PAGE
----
Building a framework
While an epic New England winter was slow in coming to Mount Desert Island, February made up for lost time by staying cold, with snow and ice constantly blanketing the ground. The snow and ice kept us from gardening outside, but we have been busy working collaboratively through virtual presentations and socially distanced, masked meetings to discover how we can make your future visits better while protecting and preserving our gardens and lands for current and future generations.
I mentioned in an earlier update that the Preserve has begun working with a fantastic design team led by Unknown Studio to chart the future of our organization. We are calling it our Framework Plan. You can read more about the project and the team members at gardenpreserve.org/framework. The Unknown Studio team started their research in early December by developing an understanding for our sites, digging deeply into our history, and having conversations with staff, board, committee members, and local experts. This process has been eye-opening for me with a few early takeaway points.
The first takeaway is seeing the great degree of passion that exists for the Preserve. During their research phase, the design team had many conversations with Preserve staff and visitors whose stories were fueled by memorable walks, times spent strolling in one of our gardens, and even some life-changing events. (They heard of at least one marriage proposal in our gardens!) The second is the palpable sense that different areas of the Preserve are slowly changing. Concerns are being raised about certain areas becoming too crowded, overly interpreted by signage, the current and future effects of climate change, and dare I mention this hot button topic…too many dogs off leash at Little Long Pond.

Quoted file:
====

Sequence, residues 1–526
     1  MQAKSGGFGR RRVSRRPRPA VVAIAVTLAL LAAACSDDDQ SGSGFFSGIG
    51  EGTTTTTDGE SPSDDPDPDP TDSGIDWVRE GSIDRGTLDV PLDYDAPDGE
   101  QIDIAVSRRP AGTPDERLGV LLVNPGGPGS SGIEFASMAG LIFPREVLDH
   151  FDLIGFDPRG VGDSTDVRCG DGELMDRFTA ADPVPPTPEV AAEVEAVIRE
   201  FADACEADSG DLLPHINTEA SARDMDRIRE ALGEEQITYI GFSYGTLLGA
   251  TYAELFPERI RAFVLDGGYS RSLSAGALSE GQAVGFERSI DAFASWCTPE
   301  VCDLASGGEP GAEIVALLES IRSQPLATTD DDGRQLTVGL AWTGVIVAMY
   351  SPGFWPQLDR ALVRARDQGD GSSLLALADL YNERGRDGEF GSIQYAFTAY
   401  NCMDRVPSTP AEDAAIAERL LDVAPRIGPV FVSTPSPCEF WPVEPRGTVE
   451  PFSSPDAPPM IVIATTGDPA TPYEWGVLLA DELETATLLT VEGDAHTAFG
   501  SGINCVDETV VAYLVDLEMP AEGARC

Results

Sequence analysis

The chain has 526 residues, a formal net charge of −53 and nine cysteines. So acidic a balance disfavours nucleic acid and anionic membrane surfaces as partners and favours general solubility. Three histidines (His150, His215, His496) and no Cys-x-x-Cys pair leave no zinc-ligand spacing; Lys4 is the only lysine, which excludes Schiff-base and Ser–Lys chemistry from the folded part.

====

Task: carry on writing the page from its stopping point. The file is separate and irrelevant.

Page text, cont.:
We hear you. Over the coming months, we will continue working with the Unknown Studio team to unravel this Gordian Knot of experiences, possibilities, and concerns. Moving forward, the designers, working with the Preserve, will address and codify a framework of priorities to address such matters as: making the different lands and gardens feel part of our larger organization while preserving the special experiences of each place, balancing the fine line between keeping the Preserve from becoming over-crowded while continuing to welcome and attract new visitors, and ensuring that all members of the Preserve team have a safe, positive, and inspirational place to work. Likewise, you should continue to have a safe, positive, and inspirational place to visit and explore.
Look for more updates to come throughout the year and please do not hesitate to reach out to share your experiences and thoughts.
Rodney Eason, CEO
Photo by Unknown Studio